‘2016 budget gap to narrow to 0.2% of GDP’


BMI Research sees spending up 12%, revenue up 13%

Fiscal spending has begun showing signs of a pick-up as designed, and by 2016 could post a 12 percent increase over this year, which government revenue is likely to match or slightly exceed with a 13 percent rise, BMI Research forecast in its latest note.

As a result, the programmed budget deficit as a percentage of gross domestic product (GDP) could narrow further to 0.2 percent by next year from an estimated 0.4 percent this year, the think tank unit of the Fitch Group said in the research note released on Monday.

“We are penciling in a 12 percent increase in government spending in 2016, representing an upward revision from our previous estimate of 9 percent,” BMI Research said.

Following restrained spending momentum in recent quarters, which had been blamed for the sharp slowdown in GDP growth in the first quarter of 2015, government consumption in the second quarter rose by 3.9 percent year-on-year in real terms from a 1.7 percent annual expansion in the first quarter.

Revenue, on the other hand, is seen sustaining its double-digit growth momentum next year from recent years.

“We forecast revenue to rise by 13 percent in 2016 from 10.4 percent previously, marking a continuation of its double-digit growth in recent years,” BMI said in the note.

Budget boost
“In addition, the government has also signaled its intention to accelerate spending over the coming quarters by proposing a P3 trillion budget for 2016, which represents a huge 15.2 percent increase from the 2015 budget,” the note added.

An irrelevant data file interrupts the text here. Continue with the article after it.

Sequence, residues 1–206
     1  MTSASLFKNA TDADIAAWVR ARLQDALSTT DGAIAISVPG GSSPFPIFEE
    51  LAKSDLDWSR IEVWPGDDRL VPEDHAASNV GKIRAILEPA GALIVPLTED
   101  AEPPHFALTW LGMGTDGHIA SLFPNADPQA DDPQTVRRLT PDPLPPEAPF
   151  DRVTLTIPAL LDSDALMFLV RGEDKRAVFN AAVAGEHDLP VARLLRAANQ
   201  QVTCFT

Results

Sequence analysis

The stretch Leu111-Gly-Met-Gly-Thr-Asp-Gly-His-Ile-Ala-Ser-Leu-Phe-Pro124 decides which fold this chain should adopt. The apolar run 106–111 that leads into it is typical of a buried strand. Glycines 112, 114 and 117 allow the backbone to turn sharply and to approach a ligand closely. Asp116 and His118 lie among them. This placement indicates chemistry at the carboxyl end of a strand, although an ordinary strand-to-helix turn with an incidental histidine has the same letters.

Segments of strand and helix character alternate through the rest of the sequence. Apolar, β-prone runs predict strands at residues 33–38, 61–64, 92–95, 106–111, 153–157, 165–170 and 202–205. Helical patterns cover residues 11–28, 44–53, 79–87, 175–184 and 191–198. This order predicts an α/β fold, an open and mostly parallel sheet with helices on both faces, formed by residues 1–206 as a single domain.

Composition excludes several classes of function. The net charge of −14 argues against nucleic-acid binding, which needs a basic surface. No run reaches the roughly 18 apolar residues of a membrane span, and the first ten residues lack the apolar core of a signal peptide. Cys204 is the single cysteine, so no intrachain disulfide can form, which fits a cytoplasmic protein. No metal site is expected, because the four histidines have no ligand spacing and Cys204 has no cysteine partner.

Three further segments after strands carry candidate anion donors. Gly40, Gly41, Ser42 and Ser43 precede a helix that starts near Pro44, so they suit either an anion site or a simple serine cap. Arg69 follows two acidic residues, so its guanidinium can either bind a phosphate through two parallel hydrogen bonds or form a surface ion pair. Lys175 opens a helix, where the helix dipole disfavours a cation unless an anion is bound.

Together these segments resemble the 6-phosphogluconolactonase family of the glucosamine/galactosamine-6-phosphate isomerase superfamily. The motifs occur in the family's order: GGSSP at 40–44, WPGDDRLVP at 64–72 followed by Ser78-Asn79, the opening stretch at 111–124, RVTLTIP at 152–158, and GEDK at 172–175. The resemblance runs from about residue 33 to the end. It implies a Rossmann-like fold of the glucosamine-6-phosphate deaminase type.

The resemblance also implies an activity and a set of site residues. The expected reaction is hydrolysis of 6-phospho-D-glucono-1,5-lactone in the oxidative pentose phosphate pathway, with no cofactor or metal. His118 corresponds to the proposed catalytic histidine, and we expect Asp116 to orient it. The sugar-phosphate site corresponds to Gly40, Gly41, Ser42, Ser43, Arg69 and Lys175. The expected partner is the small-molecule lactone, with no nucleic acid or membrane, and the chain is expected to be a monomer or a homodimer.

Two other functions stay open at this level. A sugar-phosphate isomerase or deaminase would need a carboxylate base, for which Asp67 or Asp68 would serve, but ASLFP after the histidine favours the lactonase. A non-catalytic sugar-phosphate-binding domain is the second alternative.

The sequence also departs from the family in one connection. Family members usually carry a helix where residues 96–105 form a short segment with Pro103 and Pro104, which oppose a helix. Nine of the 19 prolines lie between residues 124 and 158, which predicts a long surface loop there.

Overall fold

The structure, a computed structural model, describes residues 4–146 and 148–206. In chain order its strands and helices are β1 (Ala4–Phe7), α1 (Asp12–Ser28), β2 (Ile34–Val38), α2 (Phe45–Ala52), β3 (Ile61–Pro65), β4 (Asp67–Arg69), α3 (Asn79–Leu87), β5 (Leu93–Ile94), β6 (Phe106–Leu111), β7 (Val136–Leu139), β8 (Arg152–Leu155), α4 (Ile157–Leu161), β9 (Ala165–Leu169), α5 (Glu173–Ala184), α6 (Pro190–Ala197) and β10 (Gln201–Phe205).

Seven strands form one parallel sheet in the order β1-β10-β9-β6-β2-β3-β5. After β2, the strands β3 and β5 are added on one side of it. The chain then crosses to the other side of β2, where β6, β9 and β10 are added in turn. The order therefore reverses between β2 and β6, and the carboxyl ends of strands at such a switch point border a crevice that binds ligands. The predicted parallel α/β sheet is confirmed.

BMI also expects the current Administration to step up implementation of the public-private partnership (PPP) infrastructure scheme before the end of its single six-year term in mid-2016.

This should, in turn, lead to higher government spending, it said.
BMI does not see the potential increase in public spending over the coming quarters exerting much pressure on the fiscal accounts because government revenue is expected to match the rise in spending.

“Even though government spending is set to increase over the coming quarters as the election season approaches in mid-2016, the positive fiscal story that has unfolded under President Benigno Aquino 3rd and his administration since 2010 should continue as we enter into 2016,” it said.

In a sign of increasing fiscal prudence, the latest data from the Bureau of the Treasury showed that government revenue rose by 14.9 percent year-on-year to P1.26 trillion in the first seven months of 2015, which outpaced the 10.9 percent increase in fiscal spending in the period, BMI noted.

The think tank cited some of the measures undertaken by the Administration, such as
expanding the country’s tax base, deterring tax evaders via the “Run After Tax Evaders” program, simplifying tax-filing processes through electronic means, and introducing the sin tax law in 2012.

“The government coffers should also rise along with economic growth. In addition, the undisbursed portion of the 2014 government budget as a result of lackluster spending provides the fiscal space to accommodate an increase in expenditure over the coming quarters,” it said.


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